Mallikarjun B. Mulimani

Preface  

There is always great conflict on the path to a place with none.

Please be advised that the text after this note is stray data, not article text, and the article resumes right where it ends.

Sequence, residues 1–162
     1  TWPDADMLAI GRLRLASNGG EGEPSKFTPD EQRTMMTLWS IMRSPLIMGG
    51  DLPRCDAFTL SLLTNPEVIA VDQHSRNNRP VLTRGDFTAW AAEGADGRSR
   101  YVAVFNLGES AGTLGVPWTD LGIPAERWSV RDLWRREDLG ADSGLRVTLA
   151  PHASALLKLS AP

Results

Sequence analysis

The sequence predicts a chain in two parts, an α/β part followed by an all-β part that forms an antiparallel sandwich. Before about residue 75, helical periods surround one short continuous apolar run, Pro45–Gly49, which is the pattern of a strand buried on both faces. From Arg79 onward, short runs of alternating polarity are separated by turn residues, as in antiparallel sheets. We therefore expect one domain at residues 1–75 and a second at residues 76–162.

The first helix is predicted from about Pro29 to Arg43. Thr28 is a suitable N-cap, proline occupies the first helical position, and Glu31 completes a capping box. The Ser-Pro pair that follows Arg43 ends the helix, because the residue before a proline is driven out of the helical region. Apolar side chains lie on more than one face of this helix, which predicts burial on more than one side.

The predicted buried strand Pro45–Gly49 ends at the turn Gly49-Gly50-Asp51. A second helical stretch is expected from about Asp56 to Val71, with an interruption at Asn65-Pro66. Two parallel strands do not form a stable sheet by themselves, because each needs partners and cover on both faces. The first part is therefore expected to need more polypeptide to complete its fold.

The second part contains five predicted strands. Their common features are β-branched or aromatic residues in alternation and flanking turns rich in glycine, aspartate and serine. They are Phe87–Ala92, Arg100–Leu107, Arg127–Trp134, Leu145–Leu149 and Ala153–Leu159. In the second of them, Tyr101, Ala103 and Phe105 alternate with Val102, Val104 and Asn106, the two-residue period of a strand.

This book is about the big three myths – God, Eros, and Bacchus – and how they are demystified. By God is meant an imaginary being to which the majority of humanity is in the habit of kowtowing and crediting everything. The term Eros refers only to the winged Greek god of love and sex where dependent and conditional desire plays a role, and definitely not to independent and unconditional love and sex. Bacchus is only the Roman god of wine and nothing else. Many gods or one God, as in different cultures and religions, is not the question at all, but only the demystification of the aforementioned three myths is the single issue under consideration. It is a philosophical story which proceeds towards its ultimate goal of demystification of long cherished beliefs by moving from the experiences and actions of Ori to those of Mac and then culminating in new ones of Ori, with Mac and Ori being the two protagonists. Ori is a human being and Mac is an organic machine. Ori goes through a tumultuous life and finally creates Mac who demystifies his myths. 14 Mac is unconsciously created by Ori with a subconscious desire to gain salvation through creativity. ‘Demystifying God, Eros and Bacchus’ tries to show that life will be beautiful without the big three myths, by deriving rationality from a machine, a machine which does not have a desire to desire. It also wants to sow the idea that if the big three myths are done away with, the divisions between humans, their problems, and empty struggles will cease to be: would tyrants and their tyranny have been tolerated, or even existed for that matter, if not for the big three myths which are their root cause? And that, a certain fate or destiny will exist for a human, but as only one among finite outputs, of permutations and combinations of finite life choices, governed by his or her thoughts and actions. Ori had always wanted something from Bacchus, Eros, and God. This ‘want’ was the wrongly pointed sharp needle with a common thread running through the big three myths – Bacchus, Eros, and God. The emotions associated with God, and other equally absurd emotions arising from the other myths, had done Ori wrong right from the beginning by conditioning him and biasing him towards actions which were supposed to guide him towards relief, but had instead led just to its opposite – abject misery. He had been all too human and had not yet evolved beyond bad emotions. 15 Thus, Ori had wanted and had set himself up for disappointment. The myths had destroyed the home that they had occupied – Ori himself. Eventually, it had been science that had saved him – first in the form of medicine developed and administered by fellow humans, and then in the form of an organic machine – and not God whom he used to believe in or the other myths he had invested his energy and a better part of his life in. He was grateful to the chemicals in medicines and the human element in his treatment after he had abused both. The issues of addiction and bipolar disorder are incorporated with the goal of showing that any adversity can be overcome through proper medication and rational thinking. This medical condition, which gives way and rise to irrational thoughts and, worse, destructive activities, is closely associated with the big three myths – the big three myths, all or at least the first two of which, take apart the lives of all or many in one way or another. What a person, under the influence of a disease of the mind and also the remnants of addictions which still hold the fort of lunacy against sanity, has to say is described by the entries in Ori’s diary which he maintained during the period of his rehabilitation in a hospital. During the process of his rehabilitation, Ori had realized just how difficult it was for those who think deeply about everything, in order to derive life’s meaning for a better existence for themselves and the society, to live with themselves as a result of the conflict life invariably generates in them as they ponder over deep issues; he himself, and others 16 whom he admired and who had influenced him, had found it extremely hard. He would soon act with determination to find a solution to life’s conundrum. Ori, after rehabilitation, created Mac. Mac initially had the same conflicts inside him as his creator did, but Mac not only resolved them for himself but also for his creator. Ori, after the epiphany, thanks to the reasoning of his creation Mac, gave up adhering to popular myths. He promised himself that he would take each step in his walk of life carefully and deliberately, and there, erupted abundant unconditional love for himself on his part. As a result of this love and the decision which had birthed it, he no longer found it hard to live with himself, and was his own best friend. Ori also gained an important understanding of a certain aspect of human nature that altered how he perceived his past. He realized that something lost seems like a paradise in retrospect only because one constructs paradisiacal memories of it when nothing sublime is being done in the present to look forward to the future – a future which rationally should be dictated only by reality and not embellished memories. He had had a vague notion of this concept when he had begun creating Mac after his rehabilitation. The idea had been hazy then, but now it was crystal clear. Even though his thoughts about life choices had been turbid then, they had led him on a right path. Ori, when he had been travelling on a raft on an unruly sea filled with the myths of God, Eros, and Bacchus, from a mythical paradise island – on which he had found himself alone and separated from logic – to the mainland of rationality, 17 had been tied down to the raft – as he had been tied to a bed in a hospital where he had been undergoing rehabilitation, and which he had raged insanely against – so that he would not slide off it back into the jaws of sharks – myths – hunting in the sea of life. Now he was on the mainland, but he chose to journey on. A coin tossed in the air falls back to the ground and rests on it with one face touching the earth and the other looking up at the sky. There will always be two sides to a coin and any story, and it is not only possible but extremely easy to be ambiguous, especially about factors which influence life. However, it is extremely difficult to choose one side of the coin and stand by the decision made – even when the tossed coin lands on the chosen face kissing the ground, while the other which was not deemed right faces the sky and the rest of the world. It is extremely necessary to bend down and turn the face of the coin one has chosen to face oneself. Ori was clear that he would not straddle issues. He would not be equivocal in his approach to anything. With these life choices in his backpack, in the last part of ‘Demystifying God, Eros and Bacchus’, Ori embarks on a voyage where he writes a philosophical story – a philosophical story, characterized by objectivity, and a combination of hard science fiction and soft science fiction, drawing its philosophy from his personal life. It was his second creation; his old creation had shown him the right direction, and his new one would show the right way to the rest of his ilk – a poetic path. 18 Ori called it the ‘Textbook of Life’ – a philosophical story showcasing in its development a movement from lesser to bigger life like his personal journey. It is extremely easy to have a philosophy, especially an erudite and dogmatic one. However, implementing it in one’s own life is another matter. One has to live both that philosophy and life at the same time. Ori had, and a book came out of it. A book where he paid homage to both science and humanity, after his life which had been a voyage over a turbulent sea from a small life to a big life had been demystified. The book was about a voyage through the multiverse, without considering it even remotely as predestined glory but only as a search governed by natural laws and the new God – science – implemented with right life choices. He wrote about human spirit and stars in the multiverse, for humans had always looked to the stars to teach them the way of life – human life and stars being inextricably linked, and being the stuff of beautiful realizable dreams. The absence of an unchangeable fate or serendipitous destiny, determined or controlled by forces external to us, and the presence of a future governed only by choices was shown by Ori in his work, in the form of life rejecting humans more than once as they go in search of a new home among the stars in the multiverse, and humanity eventually needing to become one with a universe which was energy personified – mass linked with energy, E = mc2 . Ori, in his story, tries to show that disorder in life can be reversed and illustrates it by the voyage of his protagonists, 19 Zenith and Nadir, from chaotic planet Earth which contains life in the human universe, through a second with a planet which is life personified, a third which is life itself, to a steady universe which is not only life in its entirety but pure energy characterized by stability in the absence of internal conflict. In the ‘Textbook of Life’, there is no linking God who is always associated with the creation of the human universe to the multiverse or the fate of humankind – not even a vengeful God, even though humans are staring at possible extinction. In chapter seventeen there is talk about the finiteness of number of possible destinies, the multiverse, and time through a ‘finite viewpoint’ which is a product and combination of science, philosophy, and art. In ‘Demystifying God, Eros and Bacchus’, conditionings, and hence biases, influencing the approach to, and analysis of, life at its various stages (leading to further thoughts and actions), if left uncontrolled and embedded, forever in the soil of the mind, without being uprooted completely, and done away with entirely, without a trace, from the mind-garden as life evolves, as certainties leading at the end to dissatisfaction is pointed out. This entire work is not only based on pure logic but is also empirical, basing its convictions upon the time tested facts that, what was not known in science the previous day was definitely explained with solid proof the next, and some myths will remain myths with empty and treacherous promises like fairies and goblins. There is no bending backwards or sitting comfortably in a grey area as a serious inquiry is conducted at various stages with different launching and landing pads. 20 Straight bridges are built in between the various issues addressed in this book to enable smooth traffic over a wild twisting river. Each part of ‘Demystifying God, Eros and Bacchus’ shows different aspects of life with the same goal – to prove that one can move from a small life to a big life. These parts embody ideas central to the main theme of this book – demystification.